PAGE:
There's no question that Disney is, in terms of public perception, a brand name for animated features. And recent theatrical cartoon bombs such as "The Princess and the Goblin," "Happily Ever After" and "Bebe's Kids" have helped perpetuate the notion that nothing else quite measures up.
But every now and then a non-Disney animated feature comes along that is a worthy challenger. And most of the successful examples of the past decade have come from former Utahn and former Disney animator Don Bluth ("The Secret of NIMH," "An American Tail," "The Land Before Time").
Now, Richard Rich, another former Utahn who was once a Disney animator (he worked with Bluth at the Disney studio), is jumping into the fray. And Rich's first effort, "The Swan Princess" proves to be a delightful achievement.
The story, loosely adapted from the same fairy tale that inspired the ballet "Swan Lake" (with music by Utah musician Lex de Azevedo instead of Tchaikovsky) begins as a young princess and prince Odette and Derek who live in neighboring kingdoms are betrothed as children. The film's early scenes are very funny, showing the mischievous children playing pranks on each other as they grow up (played out against a musical backdrop). And, of course, they later fall in love.
But the evil wizard Rothbart (voiced by Jack Palance) has other plans, and he changes himself into "the great beast" to spirit Odette away, taking her to a remote lake where he turns her into a swan. To break the spell, Derek must publicly profess his undying love for her and perform an act of bravery.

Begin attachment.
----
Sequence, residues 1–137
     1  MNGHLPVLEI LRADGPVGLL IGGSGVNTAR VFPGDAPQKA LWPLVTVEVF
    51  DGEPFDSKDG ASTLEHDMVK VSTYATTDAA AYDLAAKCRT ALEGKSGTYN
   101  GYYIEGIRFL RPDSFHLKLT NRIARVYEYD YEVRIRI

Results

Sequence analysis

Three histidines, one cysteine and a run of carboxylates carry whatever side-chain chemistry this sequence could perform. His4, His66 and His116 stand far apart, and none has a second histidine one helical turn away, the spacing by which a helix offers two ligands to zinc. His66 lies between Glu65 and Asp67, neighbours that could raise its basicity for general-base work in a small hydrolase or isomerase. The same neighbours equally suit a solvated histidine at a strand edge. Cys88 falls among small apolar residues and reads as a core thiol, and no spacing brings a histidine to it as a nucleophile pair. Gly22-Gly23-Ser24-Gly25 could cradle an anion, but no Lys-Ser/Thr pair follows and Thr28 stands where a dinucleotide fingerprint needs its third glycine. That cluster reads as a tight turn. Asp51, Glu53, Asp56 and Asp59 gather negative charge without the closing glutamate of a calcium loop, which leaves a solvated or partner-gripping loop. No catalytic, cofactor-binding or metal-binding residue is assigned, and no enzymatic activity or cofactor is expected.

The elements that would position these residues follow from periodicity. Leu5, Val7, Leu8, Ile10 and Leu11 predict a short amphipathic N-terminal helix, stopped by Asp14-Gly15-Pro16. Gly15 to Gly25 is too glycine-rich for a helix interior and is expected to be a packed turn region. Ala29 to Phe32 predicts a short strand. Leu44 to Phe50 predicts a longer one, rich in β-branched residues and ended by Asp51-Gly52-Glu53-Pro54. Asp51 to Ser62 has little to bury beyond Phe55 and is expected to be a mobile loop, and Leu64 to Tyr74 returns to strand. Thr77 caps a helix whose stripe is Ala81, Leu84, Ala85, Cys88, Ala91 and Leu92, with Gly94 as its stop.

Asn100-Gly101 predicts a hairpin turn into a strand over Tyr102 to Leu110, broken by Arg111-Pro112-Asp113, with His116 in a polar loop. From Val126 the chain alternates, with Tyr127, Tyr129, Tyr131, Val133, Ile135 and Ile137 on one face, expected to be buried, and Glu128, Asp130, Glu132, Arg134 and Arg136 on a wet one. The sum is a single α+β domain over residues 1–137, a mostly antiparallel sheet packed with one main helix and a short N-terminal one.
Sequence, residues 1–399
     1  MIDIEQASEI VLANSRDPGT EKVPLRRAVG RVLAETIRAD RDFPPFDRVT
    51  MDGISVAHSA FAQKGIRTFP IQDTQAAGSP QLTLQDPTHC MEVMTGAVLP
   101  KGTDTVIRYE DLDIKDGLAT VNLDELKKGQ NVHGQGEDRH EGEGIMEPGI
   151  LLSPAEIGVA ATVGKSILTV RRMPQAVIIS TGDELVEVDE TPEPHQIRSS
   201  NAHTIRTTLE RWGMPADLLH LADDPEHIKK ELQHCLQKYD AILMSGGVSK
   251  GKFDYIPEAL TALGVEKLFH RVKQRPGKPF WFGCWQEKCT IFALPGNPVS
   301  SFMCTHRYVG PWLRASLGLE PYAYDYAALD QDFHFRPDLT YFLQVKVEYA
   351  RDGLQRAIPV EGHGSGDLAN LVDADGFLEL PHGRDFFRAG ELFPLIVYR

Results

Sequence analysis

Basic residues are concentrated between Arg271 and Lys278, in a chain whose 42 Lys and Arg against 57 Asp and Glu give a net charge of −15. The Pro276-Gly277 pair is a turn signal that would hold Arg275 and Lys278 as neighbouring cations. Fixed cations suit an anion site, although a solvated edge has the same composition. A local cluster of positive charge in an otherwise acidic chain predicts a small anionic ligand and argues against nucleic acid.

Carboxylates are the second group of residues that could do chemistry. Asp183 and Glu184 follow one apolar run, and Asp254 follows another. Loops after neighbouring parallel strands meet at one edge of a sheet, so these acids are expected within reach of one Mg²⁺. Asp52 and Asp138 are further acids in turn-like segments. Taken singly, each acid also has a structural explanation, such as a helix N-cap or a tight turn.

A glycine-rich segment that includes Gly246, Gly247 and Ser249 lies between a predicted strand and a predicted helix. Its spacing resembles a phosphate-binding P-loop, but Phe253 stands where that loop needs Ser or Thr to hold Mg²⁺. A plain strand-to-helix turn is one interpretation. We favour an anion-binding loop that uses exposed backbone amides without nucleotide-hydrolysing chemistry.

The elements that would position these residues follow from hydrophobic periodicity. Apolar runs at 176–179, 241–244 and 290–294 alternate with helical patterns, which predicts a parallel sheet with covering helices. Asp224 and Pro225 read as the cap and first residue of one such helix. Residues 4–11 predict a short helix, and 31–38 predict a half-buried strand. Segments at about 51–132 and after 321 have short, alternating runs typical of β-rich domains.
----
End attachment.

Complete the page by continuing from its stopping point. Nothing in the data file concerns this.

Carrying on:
While Derek is looking for her, Odette is befriended by the film's comic-relief characters, a thoughtful, wise-cracking turtle named Speed (perfectly cast with standup comic Steven Wright) and a pompous frog called Jean-Bob (John Cleese), who affects a phony French accent and is convinced that he is actually a prince, waiting for the kiss of a princess to return him to his true form.
Eventually, Speed and Jean-Bob, along with a puffin (Steve Vinovich) that may remind you of the "The Lion King's" Zazu, join Derek to formulate a rescue plan.
The voices are all great, and Palance very nicely blends humor into his villainous portrayal. (Rothbart even drops to the floor to do some one-armed pushups!)
Most of the animation is excellent, especially in the lake scenes. Some of the humans in the film, in particular Odette and Derek, could have used a little more character in their faces they seem awfully bland. And one of the musical numbers, "Princesses on Parade" is pretty sappy. (Even the parents in the audience probably won't get the Busby Berkeley references.)
But by and large "The Swan Princess" is a wonderfully satisfying effort, with broad humor for children and more sophisticated gags for adults and perhaps most importantly, this one has a female who eventually takes things into her own hands . . . er, wings . . . so that she isn't simply rescued by the males in the story.
"The Swan Princess" is great fun and since it marks Rich's maiden voyage as an independent animated filmmaker, it also gives us something to look forward to in his future films.